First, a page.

Baby tomatoes

Baby tomatoes

Thursday, February 20, 2014

Over the Garden Fence - an interview with JMs Garden

One of the really nice things about living in a rural location is our nice big yard. Lots of gardening space. And we do love to grow things. As a canner, I love to grow things that can be canned and used the rest of the year and SAFE canning practices are very important to me. That being said, many of the new hybrid vegetables, tomatoes in particular, are not as acidic as their heirloom cousins.

Growing vegetables from seed just makes sense. It's by far more economical than buying plants and you can get exactly the variety of vegetable you want to grow if you start from seed. If you are concerned about chemicals and GMOs and all the different things mass producing companies do with vegetables and seeds, you can be assured heirlooms have not been subjected to all of that.

This winter I discovered a WONDERFUL seed supplier right here in Iowa- JMs Garden. Not only are the seeds heirloom AND organic, but they are hand raised and harvested.  JMs is also a small business, which is something very important to me- supporting our local small businesses. Add reasonable priced, hand-packaged seeds, dedication to customer service AND participating in charitable organizations, such as their recent Dollar Days Sale with proceeds donated to the Cystic Fibrosis Foundation, and you cannot find a better supplier to buy your garden seeds from.

I had the opportunity to ask the owner, Jason, a few questions about the business, and I want to share his story with all of you. 

1. I just recently discovered your website- how long have you been in business?
We have been in business for almost a year. We started by selling our seeds and some other random things I was collecting like old coins on Ebay. Then, unfortunately around December, we had some major miscommunication with Ebay that really hurt us, so we decided to change routes. Our website was up and running in January.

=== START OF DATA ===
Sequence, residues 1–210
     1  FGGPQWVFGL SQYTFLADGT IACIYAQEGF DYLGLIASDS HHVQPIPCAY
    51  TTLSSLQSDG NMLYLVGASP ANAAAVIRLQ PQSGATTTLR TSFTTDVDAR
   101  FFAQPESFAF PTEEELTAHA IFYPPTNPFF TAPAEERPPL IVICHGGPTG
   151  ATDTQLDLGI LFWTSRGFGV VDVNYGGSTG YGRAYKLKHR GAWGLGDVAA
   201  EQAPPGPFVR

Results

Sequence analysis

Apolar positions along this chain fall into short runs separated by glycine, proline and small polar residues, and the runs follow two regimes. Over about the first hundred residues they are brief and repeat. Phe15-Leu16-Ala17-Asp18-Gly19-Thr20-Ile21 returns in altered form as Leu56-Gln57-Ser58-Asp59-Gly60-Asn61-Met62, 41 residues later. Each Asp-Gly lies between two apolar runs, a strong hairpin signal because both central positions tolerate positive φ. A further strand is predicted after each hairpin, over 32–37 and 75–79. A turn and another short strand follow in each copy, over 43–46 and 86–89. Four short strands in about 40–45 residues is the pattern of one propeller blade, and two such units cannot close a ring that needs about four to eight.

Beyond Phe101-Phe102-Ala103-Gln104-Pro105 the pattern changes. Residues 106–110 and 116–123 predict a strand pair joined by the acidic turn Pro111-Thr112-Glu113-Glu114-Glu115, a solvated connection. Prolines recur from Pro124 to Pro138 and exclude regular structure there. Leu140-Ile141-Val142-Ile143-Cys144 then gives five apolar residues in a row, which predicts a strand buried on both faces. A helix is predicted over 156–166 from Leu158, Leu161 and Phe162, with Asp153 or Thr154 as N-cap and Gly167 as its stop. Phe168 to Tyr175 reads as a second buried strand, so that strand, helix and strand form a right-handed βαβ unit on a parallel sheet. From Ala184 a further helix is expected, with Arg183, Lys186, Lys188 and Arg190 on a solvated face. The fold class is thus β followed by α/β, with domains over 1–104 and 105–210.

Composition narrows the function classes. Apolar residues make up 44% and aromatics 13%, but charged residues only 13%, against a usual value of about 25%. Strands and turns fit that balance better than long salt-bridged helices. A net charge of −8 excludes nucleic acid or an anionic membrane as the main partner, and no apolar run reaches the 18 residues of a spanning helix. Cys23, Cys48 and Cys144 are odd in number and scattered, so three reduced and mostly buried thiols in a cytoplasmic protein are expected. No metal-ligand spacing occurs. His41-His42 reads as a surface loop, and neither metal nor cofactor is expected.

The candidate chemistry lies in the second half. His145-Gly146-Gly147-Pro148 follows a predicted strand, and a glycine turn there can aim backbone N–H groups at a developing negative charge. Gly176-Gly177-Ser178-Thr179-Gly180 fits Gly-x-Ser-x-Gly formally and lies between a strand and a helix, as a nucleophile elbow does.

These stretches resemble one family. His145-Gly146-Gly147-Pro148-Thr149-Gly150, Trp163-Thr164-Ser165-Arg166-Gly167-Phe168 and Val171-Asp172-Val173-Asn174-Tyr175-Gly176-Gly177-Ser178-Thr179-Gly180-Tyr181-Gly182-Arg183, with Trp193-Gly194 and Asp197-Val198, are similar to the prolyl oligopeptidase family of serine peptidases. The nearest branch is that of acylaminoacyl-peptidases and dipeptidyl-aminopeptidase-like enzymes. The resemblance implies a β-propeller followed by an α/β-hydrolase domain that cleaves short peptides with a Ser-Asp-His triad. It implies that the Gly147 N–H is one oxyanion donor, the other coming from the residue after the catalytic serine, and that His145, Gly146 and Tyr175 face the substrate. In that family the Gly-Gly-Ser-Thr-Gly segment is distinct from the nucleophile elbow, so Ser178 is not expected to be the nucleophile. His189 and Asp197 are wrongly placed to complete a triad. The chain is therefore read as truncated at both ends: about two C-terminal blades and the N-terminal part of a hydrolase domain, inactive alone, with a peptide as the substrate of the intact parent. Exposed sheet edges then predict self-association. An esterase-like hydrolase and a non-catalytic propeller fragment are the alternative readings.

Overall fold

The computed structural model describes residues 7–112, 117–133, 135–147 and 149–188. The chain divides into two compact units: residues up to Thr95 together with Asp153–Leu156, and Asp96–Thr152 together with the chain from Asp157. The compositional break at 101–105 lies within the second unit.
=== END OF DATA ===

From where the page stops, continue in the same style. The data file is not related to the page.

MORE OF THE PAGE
2. I know you are a smaller business operating from Dubuque, Iowa. What have you found to be some of the obstacles in reaching a wider audience and gaining customers ?
Our biggest obstacle is just that – reaching a wide audience. Because we are a very small business, with absolutely zero loans or grants, we don't have too much extra money to put towards advertising as of now. It's all pretty much word of mouth from Facebook, Twitter, Pinterest, Instagram, Youtube, articles we write, and wonderful interviews like this.
3. Do you find your location to be an issue or the abundance of online "big boys"?
Our location isn't an issue at all. With our greenhouse set up, we can literally grow anything, at any time. We just harvested some 10 pound papayas the other day, and there's 3 feet of snow on the ground. Our competition will always make more money then we do, companies like Burpee. The thing that separates us from them is truth. As I mentioned, we don't have a whole lot of funds for advertising, so we definitely don't have funds for any inorganic nonsense. The thing with the bigger companies, that most people don't realize, is that just because they may say something is organic, doesn't make it true. There is a legal loophole that I talked about in a blog post about dog food, and it holds true with seeds as well – companies like Burpee will not personally spray their seeds with “preservation” spray as I call it to make it last on the shelf longer. They have their companies that package and ship everything do it, so they don't have to mention a word about it. The toxins from these sprays grow into the fruits and vegetables we eat.
4. Many of the readers of this blog are cooks but probably just as many are not- but enjoy gardening. You have something for every level of gardener, correct? Flowers, herbs, vegetables, as well as books and other materials.
Yes. It is very important for us to be thinking of the garden and the kitchen at the same time. I've written millions of recipes over the last 12 years, and I like to share them or implement them with what we grow. We like to entice people with a recipe to grow the ingredients needed. We don't do a whole lot of flowers yet, but we will be soon.
5. I hear you have a series of eBooks coming soon. Can you tell me a little about those? 5a- I see you already offer an eBook- "Brew Your Own Beer" by Jason Meyer. Have you ever tried brewing? Thoughts?